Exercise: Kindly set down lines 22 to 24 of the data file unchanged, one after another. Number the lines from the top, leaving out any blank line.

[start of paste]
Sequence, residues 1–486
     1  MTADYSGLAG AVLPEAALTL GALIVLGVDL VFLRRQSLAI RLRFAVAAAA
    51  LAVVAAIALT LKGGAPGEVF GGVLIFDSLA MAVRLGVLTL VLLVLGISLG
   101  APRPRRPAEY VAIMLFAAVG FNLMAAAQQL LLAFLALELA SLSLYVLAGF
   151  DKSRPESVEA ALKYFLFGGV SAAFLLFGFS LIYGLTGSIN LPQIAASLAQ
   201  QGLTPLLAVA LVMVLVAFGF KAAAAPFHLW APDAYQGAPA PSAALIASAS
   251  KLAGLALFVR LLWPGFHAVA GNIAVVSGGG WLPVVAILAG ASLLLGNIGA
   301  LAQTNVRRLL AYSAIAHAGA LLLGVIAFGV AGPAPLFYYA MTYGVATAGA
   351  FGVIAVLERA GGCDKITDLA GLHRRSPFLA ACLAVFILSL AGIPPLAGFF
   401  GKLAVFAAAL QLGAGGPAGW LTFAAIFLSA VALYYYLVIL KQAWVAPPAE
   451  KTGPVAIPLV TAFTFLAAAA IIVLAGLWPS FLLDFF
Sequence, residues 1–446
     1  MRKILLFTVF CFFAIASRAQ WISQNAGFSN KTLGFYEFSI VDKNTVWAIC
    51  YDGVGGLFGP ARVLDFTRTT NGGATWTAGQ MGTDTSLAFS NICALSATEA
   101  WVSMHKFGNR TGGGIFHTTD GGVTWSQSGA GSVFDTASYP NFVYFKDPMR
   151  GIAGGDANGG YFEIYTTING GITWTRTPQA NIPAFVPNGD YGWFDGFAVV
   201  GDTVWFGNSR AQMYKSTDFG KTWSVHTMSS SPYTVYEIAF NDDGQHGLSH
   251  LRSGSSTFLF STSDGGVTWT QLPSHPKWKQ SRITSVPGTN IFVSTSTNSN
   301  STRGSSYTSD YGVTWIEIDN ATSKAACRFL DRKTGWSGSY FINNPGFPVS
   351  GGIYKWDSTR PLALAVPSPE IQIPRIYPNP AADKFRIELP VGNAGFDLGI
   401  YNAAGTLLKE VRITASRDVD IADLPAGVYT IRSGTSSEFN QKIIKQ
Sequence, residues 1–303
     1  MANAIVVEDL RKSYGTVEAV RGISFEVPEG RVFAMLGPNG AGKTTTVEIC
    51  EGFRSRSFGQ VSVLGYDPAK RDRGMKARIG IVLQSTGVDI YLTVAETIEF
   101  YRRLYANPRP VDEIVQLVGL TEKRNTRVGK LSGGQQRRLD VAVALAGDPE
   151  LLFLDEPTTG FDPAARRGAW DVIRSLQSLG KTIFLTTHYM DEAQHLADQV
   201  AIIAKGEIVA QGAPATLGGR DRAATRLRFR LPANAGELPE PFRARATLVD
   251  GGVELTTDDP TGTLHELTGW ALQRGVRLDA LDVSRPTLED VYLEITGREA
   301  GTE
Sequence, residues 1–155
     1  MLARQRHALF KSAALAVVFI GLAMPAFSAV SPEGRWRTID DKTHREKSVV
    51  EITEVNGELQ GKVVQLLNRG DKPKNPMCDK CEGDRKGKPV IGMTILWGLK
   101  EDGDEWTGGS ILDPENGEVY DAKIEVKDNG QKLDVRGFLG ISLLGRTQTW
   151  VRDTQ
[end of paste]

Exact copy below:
Sequence, residues 1–303
     1  MANAIVVEDL RKSYGTVEAV RGISFEVPEG RVFAMLGPNG AGKTTTVEIC
    51  EGFRSRSFGQ VSVLGYDPAK RDRGMKARIG IVLQSTGVDI YLTVAETIEF